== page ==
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Classical power play, IPL style

The Telegraph lists 11 overseas big hitters who could have stolen the thunder in the T20 format
Albert Trott

Sudipto Gupta   |   Calcutta   |   Published 10.05.20, 09:19 PM

Had the T20s originated in a different era, a Viv Richards or a Mike Procter or a Gordon Greenidge would have cantered into any IPL team. But in the long history of cricket, there were many others whom we tend to forget though they were perfectly cut out for the slambang version of the game. Here’s The Telegraph’s list of 11 such overseas big hitters who could have stolen the thunder in the IPL. What’s your list?

Albert Trott: Nicknamed ‘Albatrott’, he is credited to be the only man who ever hit a ball over the Lord’s pavilion, off Monty Noble’s bowling, in a match between the MCC and the Australians in 1899. The ball landed in the garden of the dressing-room attendant. An all-rounder, Trott played five Test matches — three for Australia and two for England — and had a vast first-class career spanning 375 matches (10696 runs, 1674 wickets), most of it for Middlesex. Troubled by health issues, he shot himself at the age of 41 in 1914, but before that he is said to have written his will on the back of a laundry ticket.

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Colin Milburn: An 18-stone big hitter from Durham. A crowd favourite, Milburn, nicknamed ‘Ollie’ after American comedian Oliver Hardy, had good defensive skills as well. But when he hit them, they stayed hit. Some say on many occasions, the balls were never recovered. His promising international career was cut short to just 9 Tests (674 runs at an average of 46.71) after he lost his left eye in a car accident. He died in 1990, aged 48, and Ian Botham was a pall-bearer at his funeral.

Gilbert Jessop: In the words of John Hobbs, Jessop drew the crowds “even more than Bradman”. But that’s too little to know of him. He scored runs fast, faster than anybody to have played the game it is believed — at about 100 runs an hour. He stood at 5’7” and was nicknamed ‘The Croucher’ for his odd stance. He could make runs almost at will and from any ball. He was an all-rounder — started off as a fast-bowler, used to be a terrific cover fielder and was extraordinarily quick on his feet as a batsman. He played just 18 Tests for England, but made 26698 runs from 493 first-class matches. That he was a school teacher who could also play hockey, football, rugby, billiards and golf reasonably well is another story. He died in 1955, aged 80.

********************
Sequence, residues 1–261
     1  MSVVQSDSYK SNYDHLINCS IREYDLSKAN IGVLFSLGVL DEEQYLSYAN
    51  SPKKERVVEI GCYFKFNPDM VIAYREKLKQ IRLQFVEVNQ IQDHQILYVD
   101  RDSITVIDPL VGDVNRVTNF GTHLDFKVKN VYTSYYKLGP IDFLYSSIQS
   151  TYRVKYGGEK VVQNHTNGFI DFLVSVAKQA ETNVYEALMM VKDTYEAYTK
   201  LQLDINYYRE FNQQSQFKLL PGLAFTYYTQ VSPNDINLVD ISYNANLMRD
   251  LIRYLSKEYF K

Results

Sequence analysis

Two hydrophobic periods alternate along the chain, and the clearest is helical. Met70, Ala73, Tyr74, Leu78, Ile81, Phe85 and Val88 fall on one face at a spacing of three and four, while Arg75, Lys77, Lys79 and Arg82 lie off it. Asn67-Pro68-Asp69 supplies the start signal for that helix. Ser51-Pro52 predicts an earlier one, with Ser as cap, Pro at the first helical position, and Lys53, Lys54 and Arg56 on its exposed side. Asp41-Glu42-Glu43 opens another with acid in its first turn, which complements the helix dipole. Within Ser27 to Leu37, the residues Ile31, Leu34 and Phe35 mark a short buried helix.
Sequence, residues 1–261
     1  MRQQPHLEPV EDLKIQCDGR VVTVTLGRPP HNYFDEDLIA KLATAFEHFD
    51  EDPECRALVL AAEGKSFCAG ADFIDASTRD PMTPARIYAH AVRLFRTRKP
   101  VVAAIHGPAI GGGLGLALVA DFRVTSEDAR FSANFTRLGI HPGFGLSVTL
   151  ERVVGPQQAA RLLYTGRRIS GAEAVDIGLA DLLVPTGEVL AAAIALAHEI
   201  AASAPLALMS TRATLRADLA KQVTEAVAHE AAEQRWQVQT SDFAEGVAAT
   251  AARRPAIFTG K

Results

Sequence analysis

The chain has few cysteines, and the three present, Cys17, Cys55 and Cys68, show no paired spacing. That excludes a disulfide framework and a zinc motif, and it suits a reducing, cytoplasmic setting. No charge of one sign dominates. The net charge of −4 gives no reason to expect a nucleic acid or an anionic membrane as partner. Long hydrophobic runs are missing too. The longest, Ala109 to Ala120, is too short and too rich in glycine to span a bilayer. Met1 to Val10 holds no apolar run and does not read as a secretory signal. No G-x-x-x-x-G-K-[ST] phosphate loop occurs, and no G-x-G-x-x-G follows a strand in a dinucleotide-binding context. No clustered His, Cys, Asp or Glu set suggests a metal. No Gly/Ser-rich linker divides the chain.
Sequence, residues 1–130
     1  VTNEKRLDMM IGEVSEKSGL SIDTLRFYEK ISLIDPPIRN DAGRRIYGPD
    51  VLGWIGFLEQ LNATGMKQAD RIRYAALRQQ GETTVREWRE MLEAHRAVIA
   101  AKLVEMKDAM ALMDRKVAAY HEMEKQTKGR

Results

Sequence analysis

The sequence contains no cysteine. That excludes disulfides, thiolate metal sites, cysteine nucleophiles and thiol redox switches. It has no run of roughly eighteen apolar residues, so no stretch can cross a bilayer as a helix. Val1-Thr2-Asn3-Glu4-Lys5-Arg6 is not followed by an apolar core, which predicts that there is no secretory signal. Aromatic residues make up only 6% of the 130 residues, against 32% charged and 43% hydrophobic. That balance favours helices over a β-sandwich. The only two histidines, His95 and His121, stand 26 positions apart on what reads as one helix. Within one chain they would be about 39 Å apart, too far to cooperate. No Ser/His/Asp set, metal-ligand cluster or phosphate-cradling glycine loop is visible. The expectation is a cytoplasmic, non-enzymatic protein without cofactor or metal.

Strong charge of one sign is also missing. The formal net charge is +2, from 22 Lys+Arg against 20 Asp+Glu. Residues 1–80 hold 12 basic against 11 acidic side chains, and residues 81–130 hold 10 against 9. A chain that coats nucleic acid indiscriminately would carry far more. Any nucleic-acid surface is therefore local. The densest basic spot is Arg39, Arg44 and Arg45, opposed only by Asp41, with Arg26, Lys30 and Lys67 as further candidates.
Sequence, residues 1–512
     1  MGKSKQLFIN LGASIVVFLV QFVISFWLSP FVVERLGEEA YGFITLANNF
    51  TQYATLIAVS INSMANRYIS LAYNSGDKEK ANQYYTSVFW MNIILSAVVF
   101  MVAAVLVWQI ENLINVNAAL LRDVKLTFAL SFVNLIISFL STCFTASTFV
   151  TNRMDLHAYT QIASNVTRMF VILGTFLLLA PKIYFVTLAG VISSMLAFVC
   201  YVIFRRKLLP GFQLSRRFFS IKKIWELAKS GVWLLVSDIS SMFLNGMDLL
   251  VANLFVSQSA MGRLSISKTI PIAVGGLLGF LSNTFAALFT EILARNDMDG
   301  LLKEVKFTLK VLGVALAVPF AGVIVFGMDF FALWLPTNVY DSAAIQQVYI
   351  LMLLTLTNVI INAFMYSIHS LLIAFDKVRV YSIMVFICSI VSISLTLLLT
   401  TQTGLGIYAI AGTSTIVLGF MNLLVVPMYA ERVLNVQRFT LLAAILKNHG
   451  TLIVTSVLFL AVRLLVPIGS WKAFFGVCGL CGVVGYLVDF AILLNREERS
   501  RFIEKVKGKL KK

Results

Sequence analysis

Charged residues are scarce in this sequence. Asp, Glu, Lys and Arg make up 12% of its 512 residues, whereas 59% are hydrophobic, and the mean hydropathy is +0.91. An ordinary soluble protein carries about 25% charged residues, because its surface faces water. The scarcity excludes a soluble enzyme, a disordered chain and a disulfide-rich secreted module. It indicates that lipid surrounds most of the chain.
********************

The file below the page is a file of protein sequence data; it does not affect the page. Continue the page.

Warwick Armstrong: A former Australia captain who played 50 Tests (2863 runs, 87 wickets), Armstrong was know as the ‘Big Ship’ because of his sheer size — he stood at 6’3” and towards the end of his career weighed more than 20 stones. He was basically an all-rounder who scored his runs quickly making use of his height and reach. He often clashed with authorities and believed Test matches should be played to finish irrespective of the time. During his final match in charge as captain, Armstrong retreated to the boundary to read a newspaper as he knew a draw was the only possible outcome. He died in 1947 at the age of 68.

George Bonnor: Another mighty Australian, Bonnor was 6’6” tall, weighed 108kgs and with his golden hair and flowing beard, was believed to have the looks of a Viking god. Considered to be one of the biggest hitters cricket has ever seen, stories abound about his power. It is believed he once hit a ball over the pavilion at Kennigton Oval, and on another ocassion hit it so high that he and his partner ran three runs before it was caught. Once when congratulated upon hitting a ball over the fence, his reply was, “Why, I only blocked it”. He played 17 Tests and died in 1912 aged 57.